I spend a lot of my time arguing to singers, to audiences and to donors that singing makes a difference.  It's my job, but it's also what I believe.

Most recently, for example, NYCGMC has offered to do a Big Gay Sing in Dublin this June as a fundraiser for 'Marriage  Equality', an organization that campaigns in Ireland for the freedom to marry for same-sex couples. We will help raise thousands of Euro to help fund a political campaign.  Likewise, last May, we sang a song called 'Home' at the annual 'AIDS WALK' in Central Park front of 10,000 people, two days after the brutal and highly intentional murder of Mark Carson, a gay man out for a drink in the Village on a Friday night. I found myself making a speech about how NYC was our home too. When we sang the song, you could feel the resonance, as we sang what the community was feeling, expressed their fears, allowed their grief and left them with hope.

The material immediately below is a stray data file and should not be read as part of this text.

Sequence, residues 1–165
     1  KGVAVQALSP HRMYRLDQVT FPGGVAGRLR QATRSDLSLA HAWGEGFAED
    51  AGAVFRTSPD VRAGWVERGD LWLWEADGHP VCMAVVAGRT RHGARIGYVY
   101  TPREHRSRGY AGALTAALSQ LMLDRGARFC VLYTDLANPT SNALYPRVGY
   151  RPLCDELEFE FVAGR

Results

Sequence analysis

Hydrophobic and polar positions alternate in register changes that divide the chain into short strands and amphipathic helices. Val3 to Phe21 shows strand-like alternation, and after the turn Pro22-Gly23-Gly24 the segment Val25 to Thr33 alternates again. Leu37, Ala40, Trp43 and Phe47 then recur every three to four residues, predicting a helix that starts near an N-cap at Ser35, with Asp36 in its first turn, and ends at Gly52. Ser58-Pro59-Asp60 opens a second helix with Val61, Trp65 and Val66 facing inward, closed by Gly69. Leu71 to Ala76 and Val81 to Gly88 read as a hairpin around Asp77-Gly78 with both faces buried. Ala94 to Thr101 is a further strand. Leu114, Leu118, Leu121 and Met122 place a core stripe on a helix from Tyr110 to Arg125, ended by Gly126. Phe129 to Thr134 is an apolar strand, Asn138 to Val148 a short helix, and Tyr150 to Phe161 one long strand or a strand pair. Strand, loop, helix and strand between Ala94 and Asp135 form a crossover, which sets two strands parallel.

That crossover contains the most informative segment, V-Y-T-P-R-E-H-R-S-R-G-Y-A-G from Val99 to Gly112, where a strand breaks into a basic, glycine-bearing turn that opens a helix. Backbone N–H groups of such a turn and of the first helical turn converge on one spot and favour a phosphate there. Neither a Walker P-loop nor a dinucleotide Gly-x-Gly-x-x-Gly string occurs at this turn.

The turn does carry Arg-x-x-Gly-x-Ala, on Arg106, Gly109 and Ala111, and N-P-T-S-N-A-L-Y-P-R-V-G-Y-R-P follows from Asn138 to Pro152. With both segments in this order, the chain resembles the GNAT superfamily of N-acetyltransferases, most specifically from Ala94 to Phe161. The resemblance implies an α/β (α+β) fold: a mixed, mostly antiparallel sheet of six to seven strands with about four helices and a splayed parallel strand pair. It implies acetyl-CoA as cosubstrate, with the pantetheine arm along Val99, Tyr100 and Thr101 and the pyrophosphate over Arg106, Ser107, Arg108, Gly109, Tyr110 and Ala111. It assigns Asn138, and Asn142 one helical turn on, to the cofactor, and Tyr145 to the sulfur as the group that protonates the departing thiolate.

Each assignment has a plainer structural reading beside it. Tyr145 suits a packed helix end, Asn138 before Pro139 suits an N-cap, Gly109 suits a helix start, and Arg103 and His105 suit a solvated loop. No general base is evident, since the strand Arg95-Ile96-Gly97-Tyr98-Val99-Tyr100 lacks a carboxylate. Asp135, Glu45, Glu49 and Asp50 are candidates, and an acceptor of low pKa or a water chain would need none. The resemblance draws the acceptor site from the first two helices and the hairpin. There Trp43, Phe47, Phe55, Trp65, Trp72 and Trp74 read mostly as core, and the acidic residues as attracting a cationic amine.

In fact every time we sing, on the streets, in big concert halls, at gay weddings and fundraisers, our singing breaks down barriers, entertains people, draws them in, makes them think and crucially makes them feel. It happens person by person, as individuals start to tap their feet, sing along with us, or a solitary tear trickles down a cheek. They are moved: physically; psychologically; and ideologically.

Because music is non-verbal, it has that special power. It can transform three dry bullet points about how African American straight women in New York City are the most at risk of new HIV infection into art, into something moving hat hits you at a visceral level and makes you cry before it makes you count. We never know who we affect. The parent who is challenged by having a gay teen might perhaps see our shows and feel only 5% more tolerant than before. But we know from the many stories and emails that it happens.

The language we use is important. For me, many artists and organizations overstate their case. The majority of people come and see a show, enjoy a story, cry, laugh and go home, but their lives are exactly the same as they were before. So to say that we 'change lives through song' is at best hyperbole, and at worst a lie.

But Pete Seeger was right,  I know we make a difference. Even better, we move people.